I was born Catholic, so naturally I always saw Goliath as a bad guy whose death was richly deserved.
However, it wasn’t until I read Gladwell’s book David and Goliath: underdogs, misfits and the art of battling giants, that I realised how misplaced and injudicious my beliefs were.
As Gladwell points out, Goliath was not as strong as he looked. He was sick, he was ill, he was diseased; a victim of acromegaly – a condition that causes unbridled, almost never ceasing growth due to excessive hormone secretions.
The impact of this disease on Goliath would have been frequent headaches, poor vision, double vision, sleep apnea, disrupted sleep, daytime sleepiness, arthritis of the knees – all the stuff you’d hate to suffer from if you were to go up against the God of Israel!
But forget this battle. Think about the ones Goliath would have faced as a child and adolescent. Remember, he grew up in a time where he was most likely to be considered a freak, an item of novelty – of voyeuristic interest – if even that.
He would, in all likelihood, have been mocked and ridiculed for his size, and continuously made fun off. A girlfriend would have been out of the question as a wife would probably have been. The only place that would have welcomed Goliath would have been the army which is where he ultimately found himself – only to once again be humiliated by a shepherd boy and suffer the never-ending scorn of generations thereafter.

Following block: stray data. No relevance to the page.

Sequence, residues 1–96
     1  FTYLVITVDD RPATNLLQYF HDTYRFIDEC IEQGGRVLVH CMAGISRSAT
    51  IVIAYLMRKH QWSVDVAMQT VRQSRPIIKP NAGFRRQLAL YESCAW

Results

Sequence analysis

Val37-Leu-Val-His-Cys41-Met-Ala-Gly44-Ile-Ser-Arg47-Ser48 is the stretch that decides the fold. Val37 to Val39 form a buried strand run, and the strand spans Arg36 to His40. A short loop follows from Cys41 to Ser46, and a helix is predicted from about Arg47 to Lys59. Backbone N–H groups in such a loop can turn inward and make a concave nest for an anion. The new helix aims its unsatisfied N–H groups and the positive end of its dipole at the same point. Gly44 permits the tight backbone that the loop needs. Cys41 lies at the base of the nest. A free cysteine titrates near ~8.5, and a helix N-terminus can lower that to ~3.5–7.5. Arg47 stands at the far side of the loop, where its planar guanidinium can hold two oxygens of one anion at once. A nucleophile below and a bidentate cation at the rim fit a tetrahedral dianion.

I am fascinated by Goliath because he was the underdog in reality, not David. Yet, the way people scripted the content at the time, presented him as an absolute villain, one whose death was inevitable, welcome and just in fact.
Then comes Gladwell.
Who, with a stroke of his pen, and his marked powers of observation, tells us what the original script writers didn’t – that Goliath was actually sick, suffering from a disease called acromegaly, that would have caused him, in addition to humiliation, a life of untold pain and suffering.
Thanks to the new content Gladwell provided, we are able to see Goliath in a whole new light. As a man who wasn’t as strong as he was. And who deserves our sympathy rather than our scorn.
This is what content is, and this is what it can do, Take your perception about a person, brand or situation and flip it around in a matter of minutes!